Dossiers Sexologiques

15 February 2008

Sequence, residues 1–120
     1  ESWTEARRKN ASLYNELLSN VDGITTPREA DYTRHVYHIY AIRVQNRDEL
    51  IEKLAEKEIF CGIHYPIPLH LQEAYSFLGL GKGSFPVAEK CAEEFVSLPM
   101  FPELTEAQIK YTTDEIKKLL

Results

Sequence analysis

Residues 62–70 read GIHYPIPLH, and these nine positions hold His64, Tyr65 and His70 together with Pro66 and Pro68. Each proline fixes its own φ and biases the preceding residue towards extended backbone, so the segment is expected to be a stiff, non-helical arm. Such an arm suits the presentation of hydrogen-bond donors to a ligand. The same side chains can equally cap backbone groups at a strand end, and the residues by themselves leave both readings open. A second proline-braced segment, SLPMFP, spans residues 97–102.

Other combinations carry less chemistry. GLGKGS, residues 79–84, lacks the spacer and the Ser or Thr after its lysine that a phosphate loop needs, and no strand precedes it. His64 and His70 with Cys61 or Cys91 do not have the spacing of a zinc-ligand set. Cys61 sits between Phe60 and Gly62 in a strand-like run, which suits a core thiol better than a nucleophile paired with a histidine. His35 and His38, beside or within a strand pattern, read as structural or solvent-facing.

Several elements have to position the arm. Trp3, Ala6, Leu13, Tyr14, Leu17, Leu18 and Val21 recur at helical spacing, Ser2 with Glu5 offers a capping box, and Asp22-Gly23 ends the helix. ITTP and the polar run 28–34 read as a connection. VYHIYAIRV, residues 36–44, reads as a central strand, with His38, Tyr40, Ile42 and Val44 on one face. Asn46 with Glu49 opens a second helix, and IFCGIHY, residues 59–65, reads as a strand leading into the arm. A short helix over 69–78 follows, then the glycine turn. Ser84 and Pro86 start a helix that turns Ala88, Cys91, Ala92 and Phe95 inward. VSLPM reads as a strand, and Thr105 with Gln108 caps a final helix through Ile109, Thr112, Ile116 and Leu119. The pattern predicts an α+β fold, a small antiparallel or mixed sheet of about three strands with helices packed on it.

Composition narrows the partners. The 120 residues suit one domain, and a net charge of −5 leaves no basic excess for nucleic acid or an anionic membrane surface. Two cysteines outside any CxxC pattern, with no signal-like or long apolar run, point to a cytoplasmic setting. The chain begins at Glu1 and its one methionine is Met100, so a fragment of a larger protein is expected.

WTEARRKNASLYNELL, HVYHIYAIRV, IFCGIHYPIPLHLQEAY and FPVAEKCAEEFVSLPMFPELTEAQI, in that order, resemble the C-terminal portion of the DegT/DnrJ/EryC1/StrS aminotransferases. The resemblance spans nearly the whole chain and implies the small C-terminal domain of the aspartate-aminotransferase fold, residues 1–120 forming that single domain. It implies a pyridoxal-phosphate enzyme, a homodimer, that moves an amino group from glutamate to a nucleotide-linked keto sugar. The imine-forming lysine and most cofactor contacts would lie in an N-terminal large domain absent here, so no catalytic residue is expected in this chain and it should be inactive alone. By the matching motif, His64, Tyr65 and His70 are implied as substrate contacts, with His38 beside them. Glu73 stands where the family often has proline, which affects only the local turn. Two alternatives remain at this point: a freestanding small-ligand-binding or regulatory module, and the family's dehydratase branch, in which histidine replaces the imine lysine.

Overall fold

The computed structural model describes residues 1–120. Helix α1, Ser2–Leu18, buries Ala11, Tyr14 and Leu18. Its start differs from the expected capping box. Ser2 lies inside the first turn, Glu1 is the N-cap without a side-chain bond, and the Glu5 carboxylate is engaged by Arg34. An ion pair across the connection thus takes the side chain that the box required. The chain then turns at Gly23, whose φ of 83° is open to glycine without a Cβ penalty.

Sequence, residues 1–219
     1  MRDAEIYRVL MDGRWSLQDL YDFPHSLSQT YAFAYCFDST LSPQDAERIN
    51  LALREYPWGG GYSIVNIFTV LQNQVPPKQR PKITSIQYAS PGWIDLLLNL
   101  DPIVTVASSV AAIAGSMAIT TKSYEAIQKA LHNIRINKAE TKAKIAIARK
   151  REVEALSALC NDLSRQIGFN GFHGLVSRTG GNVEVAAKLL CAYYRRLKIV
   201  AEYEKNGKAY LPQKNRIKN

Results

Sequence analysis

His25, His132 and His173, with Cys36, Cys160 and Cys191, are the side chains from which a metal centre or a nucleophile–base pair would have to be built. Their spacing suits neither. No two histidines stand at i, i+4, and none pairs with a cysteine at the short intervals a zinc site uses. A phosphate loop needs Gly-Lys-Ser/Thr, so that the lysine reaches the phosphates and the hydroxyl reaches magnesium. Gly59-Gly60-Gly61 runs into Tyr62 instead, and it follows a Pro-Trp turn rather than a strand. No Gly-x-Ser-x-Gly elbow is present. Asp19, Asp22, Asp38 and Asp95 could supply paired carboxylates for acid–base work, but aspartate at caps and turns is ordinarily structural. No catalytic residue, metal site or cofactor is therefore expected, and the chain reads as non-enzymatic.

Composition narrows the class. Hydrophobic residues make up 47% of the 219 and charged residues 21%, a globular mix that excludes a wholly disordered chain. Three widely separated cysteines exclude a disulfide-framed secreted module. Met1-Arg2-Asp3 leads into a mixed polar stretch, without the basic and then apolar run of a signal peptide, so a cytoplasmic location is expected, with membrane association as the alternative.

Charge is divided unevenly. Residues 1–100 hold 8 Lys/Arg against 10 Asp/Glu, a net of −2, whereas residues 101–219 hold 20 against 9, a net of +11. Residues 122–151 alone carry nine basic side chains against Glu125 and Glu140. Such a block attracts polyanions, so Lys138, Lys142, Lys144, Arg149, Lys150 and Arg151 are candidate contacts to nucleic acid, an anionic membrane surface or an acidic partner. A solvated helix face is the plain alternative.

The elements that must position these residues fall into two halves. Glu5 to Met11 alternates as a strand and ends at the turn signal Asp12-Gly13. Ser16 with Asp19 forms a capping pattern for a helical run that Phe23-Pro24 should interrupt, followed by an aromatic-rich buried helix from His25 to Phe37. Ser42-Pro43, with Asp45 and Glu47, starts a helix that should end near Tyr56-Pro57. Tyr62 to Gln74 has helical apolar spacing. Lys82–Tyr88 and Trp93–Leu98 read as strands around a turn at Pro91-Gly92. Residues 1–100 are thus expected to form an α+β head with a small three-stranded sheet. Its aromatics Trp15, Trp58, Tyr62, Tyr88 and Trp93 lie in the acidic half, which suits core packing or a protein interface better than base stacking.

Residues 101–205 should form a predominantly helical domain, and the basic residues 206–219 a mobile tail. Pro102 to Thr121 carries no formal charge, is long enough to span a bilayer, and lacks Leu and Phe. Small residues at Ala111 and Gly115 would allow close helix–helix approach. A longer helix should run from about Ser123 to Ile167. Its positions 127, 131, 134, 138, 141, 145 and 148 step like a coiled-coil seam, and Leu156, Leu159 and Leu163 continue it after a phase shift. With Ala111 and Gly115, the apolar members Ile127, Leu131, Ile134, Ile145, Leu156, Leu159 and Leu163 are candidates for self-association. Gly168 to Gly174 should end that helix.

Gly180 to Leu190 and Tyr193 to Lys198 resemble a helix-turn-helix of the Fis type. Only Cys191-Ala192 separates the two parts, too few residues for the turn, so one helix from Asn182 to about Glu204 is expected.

Necrophilia and incest, hardly the St Valentine ‘s Day favourite topics, occur in humans and animals alike. Necrophilia, having sex with the dead, is one of the fetishes found among humans. But in 2003 the Ig Nobel prize for biology went to the person who first documented necrophilia in animals, C. W. Moeliker (published in Deinsea, 2001). Moeliker worked in Natural History Museum in Rotterdam when he heard a thud against his office window. When he went over to have a look at what caused the thud he saw a dead male duck on the ground next to the museum. The duck must have died as it collided with the window in full speed flight. Yet this duck wasn’t alone. Waddling around him was another male duck. Waddle he did not for long, because, as Moeliker reported, this other duck proceeded to rape the deceased duck for 75 minutes, taking only 2 brief breaks (to get some air I assume). So not only were both of the ducks male, one of them was dead and this still didn’t stop the eager copulation. Ducks are often observed chasing each other in aerial pursuits and the explanation for this event is that this was happening when one duck collided. The surprising thing is that the other duck still engaged in sex with the dead duck. Perhaps it didn’t realize the other duck was dead? This report came out only recently and so a few years ago the idea that necrophilia can happen in animals might have sounded ridiculous. Yet, the more we look the more diverse the sexual lives of animals we find. One activity that many animals still stray away from though is incest: breeding with their siblings. Although many insects will happily do it and some even have sex before they have left their mother’s body, most animals don’t do it because it can reduce the fitness of the offspring. Two mechanisms invoked are heterozygous advantage, the idea that more diverse alleles (copies of the same gene coming from either parent) the fitter the organism, and the fact that homozygous (having both alleles the same) organisms are more likely to end up with two deleterious copies of gene. These may cause so called inbreeding depression. In humans, for example, children of first cousins (consanguineous) have been found to be 4-5% more likely to die than non-consanguineous children. Indeed, in the two examples where non related children are raised together (Kibbutz children from Israel and Sim-pua marriages from Taiwan) they are less likely to get married than expected by chance (children raised together in Kibbutz) or are less likely to reproduce and more likely to be unfaithful (Sim-pua marriages). The explanation for these is that there is a sensitive period during which children accept whoever they are growing up with to be their sibling to reduce the possibility of incest and inbreeding later on in life (Westermarck Effect). We don’t necessarily need laws to prevent incest as this is a natural tendency already. Yet, avoidance of close relatives as reproductive partners may be outweighed by attraction to distant relatives with whom we interact socially. One idea for why the incest-preventing laws exist is to prevent relatives from accumulating power by marrying among each other and thus threatening the social status of the leaders. So it seems we have some evolved psychological mechanism of avoiding incest and the cultural component of incest laws (in religion and politics) may be due to political and economic rather than the biological and medical reasons.